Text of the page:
Several times Eckerman tried to get away, but Gothe would not let him go. (Maugham)


, , .

, - , - .

, ( ) .


 


11. Preference choice and other meanings as in the set expressions I'd rather/I would/I'd sooner, which are usually rendered into Ukrainian with or without the help of the subjunctive mood forms plus such adverbs of manner as , /:
. Will and would are used in many set/idiomatic expressions having both subjunctive and non-subjunctive meaning:

The range of modal meanings, which the modal verbs will and would may express, is not exhausted by those enumerated above.

7. Habitual volitional actions which are conveyed as follows:
After this accident he will ϳ

lock himself and not show off.
(Ibid.) .

In the afternoon he would go out alone and walk for hours. (Galsworthy)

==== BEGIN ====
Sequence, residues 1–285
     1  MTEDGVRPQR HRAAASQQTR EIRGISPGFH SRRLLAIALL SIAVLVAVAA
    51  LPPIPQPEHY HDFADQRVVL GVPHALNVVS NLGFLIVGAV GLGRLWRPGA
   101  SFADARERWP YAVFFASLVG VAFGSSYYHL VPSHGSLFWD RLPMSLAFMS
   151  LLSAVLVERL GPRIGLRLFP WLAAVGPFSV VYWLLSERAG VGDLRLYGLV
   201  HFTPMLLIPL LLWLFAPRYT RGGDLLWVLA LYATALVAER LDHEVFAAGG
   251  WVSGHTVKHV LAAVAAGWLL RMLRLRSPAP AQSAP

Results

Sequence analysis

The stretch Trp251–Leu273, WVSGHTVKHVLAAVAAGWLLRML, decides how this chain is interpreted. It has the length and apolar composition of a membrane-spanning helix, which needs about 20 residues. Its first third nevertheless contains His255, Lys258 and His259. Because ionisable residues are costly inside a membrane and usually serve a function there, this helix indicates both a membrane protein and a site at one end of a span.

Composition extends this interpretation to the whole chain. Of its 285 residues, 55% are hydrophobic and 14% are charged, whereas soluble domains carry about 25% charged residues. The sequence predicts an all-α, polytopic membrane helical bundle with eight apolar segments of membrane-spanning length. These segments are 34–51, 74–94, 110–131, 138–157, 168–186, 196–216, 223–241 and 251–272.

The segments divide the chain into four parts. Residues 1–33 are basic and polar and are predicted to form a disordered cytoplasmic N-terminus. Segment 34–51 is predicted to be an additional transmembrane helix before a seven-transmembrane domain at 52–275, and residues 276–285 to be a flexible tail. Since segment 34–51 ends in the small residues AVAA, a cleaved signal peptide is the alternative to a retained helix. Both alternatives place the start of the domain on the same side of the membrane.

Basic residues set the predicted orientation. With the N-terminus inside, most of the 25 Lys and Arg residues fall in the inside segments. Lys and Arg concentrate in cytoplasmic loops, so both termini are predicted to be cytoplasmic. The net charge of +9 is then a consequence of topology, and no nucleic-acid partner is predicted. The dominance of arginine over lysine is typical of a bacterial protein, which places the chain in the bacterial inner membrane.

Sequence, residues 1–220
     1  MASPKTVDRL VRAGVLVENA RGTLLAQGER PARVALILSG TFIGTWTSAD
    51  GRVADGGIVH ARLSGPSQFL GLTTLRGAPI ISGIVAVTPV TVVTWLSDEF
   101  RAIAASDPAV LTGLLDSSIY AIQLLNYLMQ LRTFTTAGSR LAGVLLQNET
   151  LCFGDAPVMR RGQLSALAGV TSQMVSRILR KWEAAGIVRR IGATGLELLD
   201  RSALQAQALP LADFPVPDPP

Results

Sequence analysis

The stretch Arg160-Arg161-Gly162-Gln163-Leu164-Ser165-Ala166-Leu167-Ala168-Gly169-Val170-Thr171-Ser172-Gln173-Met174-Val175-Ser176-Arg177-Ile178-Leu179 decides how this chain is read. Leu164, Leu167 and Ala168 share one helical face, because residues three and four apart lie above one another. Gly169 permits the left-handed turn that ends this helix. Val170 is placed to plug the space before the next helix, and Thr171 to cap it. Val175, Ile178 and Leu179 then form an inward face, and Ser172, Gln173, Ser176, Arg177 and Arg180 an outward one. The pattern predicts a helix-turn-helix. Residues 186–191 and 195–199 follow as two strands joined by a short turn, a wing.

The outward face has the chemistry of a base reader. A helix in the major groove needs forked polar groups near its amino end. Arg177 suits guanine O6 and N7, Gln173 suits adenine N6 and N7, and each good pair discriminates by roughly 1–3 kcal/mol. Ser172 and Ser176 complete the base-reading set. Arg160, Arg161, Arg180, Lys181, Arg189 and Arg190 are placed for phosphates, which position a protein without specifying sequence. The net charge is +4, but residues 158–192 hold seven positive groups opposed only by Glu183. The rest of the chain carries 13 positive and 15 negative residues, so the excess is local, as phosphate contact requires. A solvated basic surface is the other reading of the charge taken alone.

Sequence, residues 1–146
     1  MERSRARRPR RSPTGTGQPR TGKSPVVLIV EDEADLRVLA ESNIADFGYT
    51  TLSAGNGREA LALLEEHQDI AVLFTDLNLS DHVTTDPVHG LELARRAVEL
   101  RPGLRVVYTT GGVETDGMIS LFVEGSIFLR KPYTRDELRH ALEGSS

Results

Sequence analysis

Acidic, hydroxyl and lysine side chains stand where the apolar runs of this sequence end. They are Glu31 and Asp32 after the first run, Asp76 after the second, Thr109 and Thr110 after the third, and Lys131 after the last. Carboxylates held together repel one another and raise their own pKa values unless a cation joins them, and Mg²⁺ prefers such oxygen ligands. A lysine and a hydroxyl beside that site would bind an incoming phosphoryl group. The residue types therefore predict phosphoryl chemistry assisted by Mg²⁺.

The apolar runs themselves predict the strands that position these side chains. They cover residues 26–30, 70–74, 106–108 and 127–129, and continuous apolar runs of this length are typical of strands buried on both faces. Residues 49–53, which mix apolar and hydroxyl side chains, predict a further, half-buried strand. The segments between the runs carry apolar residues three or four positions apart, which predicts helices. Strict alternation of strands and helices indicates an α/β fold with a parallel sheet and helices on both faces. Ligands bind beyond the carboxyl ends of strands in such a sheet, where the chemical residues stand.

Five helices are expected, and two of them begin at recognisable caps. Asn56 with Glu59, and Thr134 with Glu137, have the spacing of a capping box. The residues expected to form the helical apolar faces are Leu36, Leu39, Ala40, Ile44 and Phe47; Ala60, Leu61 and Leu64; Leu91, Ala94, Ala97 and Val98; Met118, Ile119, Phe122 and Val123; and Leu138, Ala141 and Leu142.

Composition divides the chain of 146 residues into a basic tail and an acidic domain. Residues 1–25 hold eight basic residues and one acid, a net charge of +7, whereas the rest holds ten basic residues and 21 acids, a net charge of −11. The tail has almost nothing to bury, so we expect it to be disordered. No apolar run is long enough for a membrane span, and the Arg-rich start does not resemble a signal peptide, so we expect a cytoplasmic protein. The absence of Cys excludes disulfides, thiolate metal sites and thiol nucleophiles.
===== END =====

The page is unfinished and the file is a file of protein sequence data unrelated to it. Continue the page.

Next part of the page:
ϳ , , .

8. Resistance to an action referring to the present or to the future, which is observed only in English. Consequently, it has no corresponding modal expression in Ukrainian. Cf.:

Help him, please. The door , , .

will not unlock. (Jacobs) ...it (rain) blinded the windscreen and the wiper wouldn't work. (Greene)

.

... , ( ).

9. Conditionwhich is equivalent^ expressed in Ukrainian through the subjunctive or conditional mood forms in subordinate clauses of real and unreal condition:

If he wouldn't mind. I would (

love to come. (Maxwell) ),

.
You may go, if you will, but / ,


So we had better go to supper, said Mary. (Joyce)

Mother said she would much rather watch him fish and not try to fish herself. (Leacock)

He will/would never set the Thames on fire. (Proverb)

He will die as he lived. (Ibid.)